A Beverly Hills plastic surgeon has given a financial boost to Prince Charles’s vision for a complementary health centre in a deprived part of Scotland.
Gabriel Chiu, a celebrity cosmetic and reconstructive surgeon, and his wife Christine, joined the Prince of Wales as he opened the integrated health and wellbeing centre on the Dumfries House Estate in East Ayrshire this week.
The philanthropic couple and the prince are both strong advocates of alternative therapies.
The glamorous setting of Beverly Hills couldn’t be more distant or different from the disadvantaged communities in Ayrshire that the centre has been set up to help.
Asked why he’d wanted to get involved, Mr Chiu told Sky News: “I believe that there is a place for alternative medicine and treatments alongside traditional medicine.
“I have long been an advocate for holistic treatments and medication for over 20 years, recommending the homeopathic medication Arnica and the herbal medication Bromelain to surgery patients for recovery.
“Also, I have personally experienced the benefits of alternative therapies and herbal medications where traditional medication failed me.
“When Prince Charles invited us to become involved with his vision at Dumfries House, it was a very compelling opportunity to not only help the community, but to see how much good could be done with the full arsenal of traditional, holistic, herbal, homeopathic, and naturopathic medicines and therapies.
“It was very exciting to discuss the possibilities and the research of their combined use with the doctors and practitioners involved. We hope that it will be a model for future medical integration throughout the world.”
His wife said: “We are humbled to support HRH Prince Charles’ passion for revitalising and uniting communities through the Centre.
“The collaboration of Eastern therapies with traditional (Western) medicine in addressing physical and emotional health reflects the core purpose of The Princes’ Foundation – ‘to champion and celebrate the most important part of any community: its people’.
“We find no greater honour than to infect health and happiness.”
The new building is the next step for a health and wellbeing programme that’s been running on the estate since 2016.
Local doctors have helped to shape the service after identifying obesity, diabetes, menopausal health, chronic pain and fertility problems as key issues in the area.
GPs refer patients from nearby towns and villages for complementary therapies including reflexology, acupuncture and hypnotherapy, as well as sessions in yoga, mindfulness and cookery classes.
The Prince of Wales is a keen supporter of complementary medicine, but has been criticised by some medical professionals for “preaching” about the benefits of alternative therapies like homeopathy.
Sky News understands that homeopathy is offered by the Dumfries House Integrated Health and Wellbeing programme.
Two lodges at the centre have been named after the Chius six-month-old baby Gabriel Christian III. They are also patrons of The Prince of Wales US Foundation.
Since Prince Charles took over Dumfries House 12 years ago, potential charity donors have been invited to the estate to find out more about his vision, and attend dinners hosted by the prince himself.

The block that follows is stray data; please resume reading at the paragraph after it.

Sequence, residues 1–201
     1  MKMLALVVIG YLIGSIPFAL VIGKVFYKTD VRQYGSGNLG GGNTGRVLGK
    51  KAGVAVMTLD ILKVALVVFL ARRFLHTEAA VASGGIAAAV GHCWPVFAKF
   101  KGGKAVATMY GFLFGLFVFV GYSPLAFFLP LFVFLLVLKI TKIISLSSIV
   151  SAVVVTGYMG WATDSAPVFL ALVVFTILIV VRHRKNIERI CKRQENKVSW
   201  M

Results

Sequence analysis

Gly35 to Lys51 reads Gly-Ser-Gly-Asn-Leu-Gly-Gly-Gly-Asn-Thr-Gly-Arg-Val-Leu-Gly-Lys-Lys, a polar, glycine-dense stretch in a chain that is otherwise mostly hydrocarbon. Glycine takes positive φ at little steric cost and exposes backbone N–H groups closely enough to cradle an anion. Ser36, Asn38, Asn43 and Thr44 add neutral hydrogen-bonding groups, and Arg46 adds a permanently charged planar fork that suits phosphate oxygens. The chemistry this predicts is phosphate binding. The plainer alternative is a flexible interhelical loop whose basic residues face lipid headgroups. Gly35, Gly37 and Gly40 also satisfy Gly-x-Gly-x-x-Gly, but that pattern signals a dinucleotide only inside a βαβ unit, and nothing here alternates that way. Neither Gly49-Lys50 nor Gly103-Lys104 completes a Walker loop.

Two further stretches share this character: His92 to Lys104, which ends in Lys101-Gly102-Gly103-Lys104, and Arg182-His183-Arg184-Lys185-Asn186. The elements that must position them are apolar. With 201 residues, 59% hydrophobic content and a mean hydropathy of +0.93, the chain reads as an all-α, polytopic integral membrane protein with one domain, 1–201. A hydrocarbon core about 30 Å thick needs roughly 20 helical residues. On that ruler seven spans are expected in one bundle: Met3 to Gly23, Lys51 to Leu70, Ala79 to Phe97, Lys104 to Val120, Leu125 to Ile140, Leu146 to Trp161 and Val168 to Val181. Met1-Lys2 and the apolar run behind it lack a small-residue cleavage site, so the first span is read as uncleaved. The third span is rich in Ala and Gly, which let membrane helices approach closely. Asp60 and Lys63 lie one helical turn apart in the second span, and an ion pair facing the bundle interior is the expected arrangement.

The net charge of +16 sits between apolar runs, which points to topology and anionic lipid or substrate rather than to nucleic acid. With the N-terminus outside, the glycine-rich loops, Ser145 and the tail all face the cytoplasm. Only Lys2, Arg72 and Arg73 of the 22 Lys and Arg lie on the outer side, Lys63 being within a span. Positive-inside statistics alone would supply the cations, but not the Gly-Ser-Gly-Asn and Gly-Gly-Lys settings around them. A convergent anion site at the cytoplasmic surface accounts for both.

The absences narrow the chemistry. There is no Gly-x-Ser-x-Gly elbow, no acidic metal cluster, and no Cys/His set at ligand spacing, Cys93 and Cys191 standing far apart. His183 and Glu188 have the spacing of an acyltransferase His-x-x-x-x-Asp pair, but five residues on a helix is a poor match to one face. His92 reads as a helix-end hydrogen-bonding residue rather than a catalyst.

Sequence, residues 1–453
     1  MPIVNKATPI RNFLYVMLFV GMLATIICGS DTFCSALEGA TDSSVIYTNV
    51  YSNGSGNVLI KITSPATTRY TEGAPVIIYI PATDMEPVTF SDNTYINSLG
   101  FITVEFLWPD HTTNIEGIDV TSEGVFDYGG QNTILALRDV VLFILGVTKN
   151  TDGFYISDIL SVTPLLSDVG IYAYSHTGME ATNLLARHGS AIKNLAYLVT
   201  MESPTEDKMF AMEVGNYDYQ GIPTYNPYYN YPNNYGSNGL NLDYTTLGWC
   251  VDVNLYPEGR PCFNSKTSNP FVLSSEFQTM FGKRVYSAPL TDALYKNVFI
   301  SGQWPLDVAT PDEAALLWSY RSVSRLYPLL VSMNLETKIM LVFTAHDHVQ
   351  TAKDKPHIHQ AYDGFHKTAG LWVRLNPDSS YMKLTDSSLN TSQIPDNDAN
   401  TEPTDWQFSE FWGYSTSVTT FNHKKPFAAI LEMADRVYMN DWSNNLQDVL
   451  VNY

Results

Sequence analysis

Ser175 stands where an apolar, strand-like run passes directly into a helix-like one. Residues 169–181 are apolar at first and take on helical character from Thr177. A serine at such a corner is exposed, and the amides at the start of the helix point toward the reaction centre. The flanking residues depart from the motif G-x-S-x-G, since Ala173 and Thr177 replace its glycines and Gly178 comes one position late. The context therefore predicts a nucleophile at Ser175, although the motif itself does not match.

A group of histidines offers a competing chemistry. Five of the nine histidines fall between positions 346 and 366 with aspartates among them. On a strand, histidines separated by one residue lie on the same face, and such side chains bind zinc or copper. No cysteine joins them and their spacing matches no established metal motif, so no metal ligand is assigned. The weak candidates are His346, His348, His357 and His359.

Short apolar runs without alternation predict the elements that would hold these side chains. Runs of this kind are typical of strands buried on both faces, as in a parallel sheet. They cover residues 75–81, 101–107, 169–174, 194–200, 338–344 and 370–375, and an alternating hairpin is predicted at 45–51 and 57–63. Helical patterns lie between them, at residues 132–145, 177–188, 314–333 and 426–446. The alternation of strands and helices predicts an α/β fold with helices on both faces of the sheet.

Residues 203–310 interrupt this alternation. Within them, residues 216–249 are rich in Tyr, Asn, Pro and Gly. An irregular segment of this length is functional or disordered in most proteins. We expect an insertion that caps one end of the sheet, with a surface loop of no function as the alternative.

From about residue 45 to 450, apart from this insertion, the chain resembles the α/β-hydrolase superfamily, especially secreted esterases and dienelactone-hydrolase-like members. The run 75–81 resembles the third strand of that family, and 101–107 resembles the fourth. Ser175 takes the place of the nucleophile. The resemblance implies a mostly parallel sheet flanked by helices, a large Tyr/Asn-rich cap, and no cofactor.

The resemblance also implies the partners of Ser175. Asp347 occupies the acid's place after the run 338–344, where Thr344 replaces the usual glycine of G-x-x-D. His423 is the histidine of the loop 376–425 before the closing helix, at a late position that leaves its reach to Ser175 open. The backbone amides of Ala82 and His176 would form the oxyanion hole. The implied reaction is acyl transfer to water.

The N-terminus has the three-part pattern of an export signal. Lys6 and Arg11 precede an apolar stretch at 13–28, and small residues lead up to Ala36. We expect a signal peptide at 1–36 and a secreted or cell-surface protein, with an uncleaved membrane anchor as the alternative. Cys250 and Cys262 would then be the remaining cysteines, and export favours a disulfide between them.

Everything on the estate is funded by donors and through the proceeds of commercial activities, such as the weddings, accommodation and restaurants on the grounds.
There are those who believe the royals should be more transparent about how they get funding for their charity projects.
Anti-monarchy campaigner Dani Beckett said: “The royals need to come clean about their relationships with wealthy donors.
“What we have here is yet another Prince Charles vanity project, funded by a wealthy friend in order to promote his own interest in treatments which have been described by the Chief Medical Officer as ‘rubbish’.
“Any charity would be expected to be fully transparent in the promises they make to funders but Charles’ philanthropy is clearly limited to courting wealthy donors behind closed doors in order to advance his own agenda.”
The Prince’s Foundation is subject to the same regulations as any other charity and there is no suggestion that it has been operating outside of the strict guidelines and governance laid out by the Charity Commission. The Foundation says that all donations and expenditure are listed in their annual accounts and available via Companies House.
Unveiling a plaque at the new centre on Tuesday, the Prince of Wales said: “It’s something I’ve been wanting to do for the last 35 years. I’m also so proud of all the team at Dumfries House who built it, an all in-house team.
“To reach this point where we can now offer a range of social prescribing opportunities is enormously encouraging and I hope it will be able to make some difference to a lot of the health issues that exist in this area.”
The Prince sees Dumfries House as an exemplar of what can be done to help local communities that are in need, and hopes the ethos behind it can be replicated in other parts of the country.
When he turned 70 last year the Prince’s Foundation announced plans to take on seven smaller regeneration projects to turn landmark buildings into useful community spaces.